The solution for is a of the form , where is the root of the above polynomial and is a constant independent of . Let the roots of the above polynomial be . Note that the roots of the polynomial are indexed by as well, implying there is a set of roots for each value of . It is essential here to realise that if the field is a physically feasible one, then , that is all roots have a non positive real part. Generally for all physical fields it has to be strictly less than , but we are allowing the possibility of sustained oscillating (in time) fields. Furthermore for simplicity of analysis, all of the roots are considered to be distinct for a given .111If there is a repeated root then the solution will be of the form and also , which will make the problem very complicated. Such cases can also be treated in a similar manner that has been described in the paper. To be very specific, if the repeated root is , it can be easily taken into the given framework by combining all the repeated terms with it. This is because if , then , which diverges and hence cannot be the solution for a physical field. Such nuances have been omitted to simplify the description of the process. However, it is possible that for some . This assumption is realistic enough as generally for physical fields, is generally very small thus the chance of repeated roots is lesser. The condition is similar to the one obtained in control theory, where we want the poles of the closed loop system to lie in the left half plane. Thus, we can use criteria like the Routh-Hurwitz condition, to ensure the roots have negative real parts in our case.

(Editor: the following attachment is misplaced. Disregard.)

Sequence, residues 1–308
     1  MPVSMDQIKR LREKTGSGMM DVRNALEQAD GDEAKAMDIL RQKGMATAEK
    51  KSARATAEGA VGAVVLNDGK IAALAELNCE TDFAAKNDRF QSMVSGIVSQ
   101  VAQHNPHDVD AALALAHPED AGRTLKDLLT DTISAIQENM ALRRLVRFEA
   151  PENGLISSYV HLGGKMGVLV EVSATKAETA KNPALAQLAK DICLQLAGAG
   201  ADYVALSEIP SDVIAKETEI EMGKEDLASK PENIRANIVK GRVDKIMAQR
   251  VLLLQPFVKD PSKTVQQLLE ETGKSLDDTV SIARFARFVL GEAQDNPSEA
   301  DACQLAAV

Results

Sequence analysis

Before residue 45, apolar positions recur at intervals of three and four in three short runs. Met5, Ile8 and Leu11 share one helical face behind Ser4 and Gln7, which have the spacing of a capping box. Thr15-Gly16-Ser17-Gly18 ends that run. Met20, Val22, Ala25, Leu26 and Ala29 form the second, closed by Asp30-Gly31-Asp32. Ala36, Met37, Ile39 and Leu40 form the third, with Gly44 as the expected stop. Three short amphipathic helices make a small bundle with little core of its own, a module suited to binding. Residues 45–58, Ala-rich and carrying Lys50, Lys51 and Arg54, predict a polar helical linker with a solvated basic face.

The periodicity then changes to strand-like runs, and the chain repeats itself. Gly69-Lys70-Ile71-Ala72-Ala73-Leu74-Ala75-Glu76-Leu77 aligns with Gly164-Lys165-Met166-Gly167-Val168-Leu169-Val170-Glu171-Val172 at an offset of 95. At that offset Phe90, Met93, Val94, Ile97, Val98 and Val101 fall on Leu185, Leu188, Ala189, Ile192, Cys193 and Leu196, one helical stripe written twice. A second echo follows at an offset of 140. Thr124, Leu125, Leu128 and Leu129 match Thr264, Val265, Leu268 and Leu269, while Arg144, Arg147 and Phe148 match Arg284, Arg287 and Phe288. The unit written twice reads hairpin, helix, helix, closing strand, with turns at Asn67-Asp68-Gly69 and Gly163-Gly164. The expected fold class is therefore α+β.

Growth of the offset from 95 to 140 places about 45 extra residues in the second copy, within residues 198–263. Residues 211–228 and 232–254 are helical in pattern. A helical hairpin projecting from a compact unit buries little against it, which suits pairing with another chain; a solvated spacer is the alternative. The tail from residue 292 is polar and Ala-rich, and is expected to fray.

In fact, the solution for can thus be written as a linear combination of these roots. Thus . The coefficients have been represented so to maintain consistency of representation of as a function of time. Also are finite constants independent of everything else. Let .

 ∣∣∣∂∂tg(x,t)∣∣∣ =∣∣∣∂∂tm∑i=1aki(0)exp(ri(k)t)exp(j2πkx)∣∣∣ (17) =∣∣∣m∑i=1aki(0)ri(k)exp(ri(k)t)exp(j2πkx)∣∣∣ (18) ≤m∑i=1∣∣∣aki(0)ri(k)exp(ri(k)t)exp(j2πkx)∣∣∣ (19) ≤m∑i=1|aki(0)||ri(k)| (20) ≤mαkR (21)
 ∣∣∣∂∂xg(x,t)∣∣∣ =∣∣∣∂∂xb∑k=−bak(t)exp(j2πkx)∣∣∣ (22) =∣∣∣b∑k=−bak(t)j2πkexp(j2πkx)∣∣∣ (23) ≤m∑i=1∣∣∣aki(0)j2πkexp(ri(k)t)exp(j2πkx)∣∣∣ (24) ≤m∑i=12bπ|aki(0)| (25) ≤mαk2bπ (26)

The third step follows from triangle inequality, fourth step uses the fact that and the bound on uses the Rouche’s theorem. The value of can be expressed in terms of ’s, which are finite and so is the upper bound. Using the above expression for and using it in equation (4) to obtain the value at , we get,

 g(Sn,Tn)=b∑k=−bm∑i=1aki(0)exp(ri(k)Tn)exp(j2πkSn) (27)

The above equation can be written in a vector notation form. Let . Define,

 ek,i(x,t):=[ek,1(x,t), ek,2(x,t),…,ek,m(x,t)] ak:=[ak1(0), ak2(0), ak3(0), …, akm(0)] a=[a−b,…a−1,a0,a1,…ab]T e(x,t)=[e−b(x,t),…,eb(x,t)]H (28)

Observe that and are column vectors, while and are row vectors. Since , so . This implies,

 ||ek(x,t)||2=m∑i=1|exp(ri(k)t+j2πkx)|2≤m∑i=11≤m ||e(x,t)||2=b∑k=−b||ek(x,t)||2≤b∑k=−bm=m(2b+1) (29)

Therefore, on using equation (III), equation (27) can be rewritten as,

 g(Sn,Tn)=eH(Sn,Tn) a (30)

Recall that the sampling locations () and their respective time stamps () are given by,

 S1=X1, S2=X1+X2,…Sn=n∑i=1Xi T1=N1, T2=N1+N2,…Tn=n∑i=1Ni

where and are all unknown and both ’s and ’s are drawn from independent distributions. The obtained samples are value of the field at these locations and instants, that have been corrupted with noise. The observed values are, thus, . Define two vectors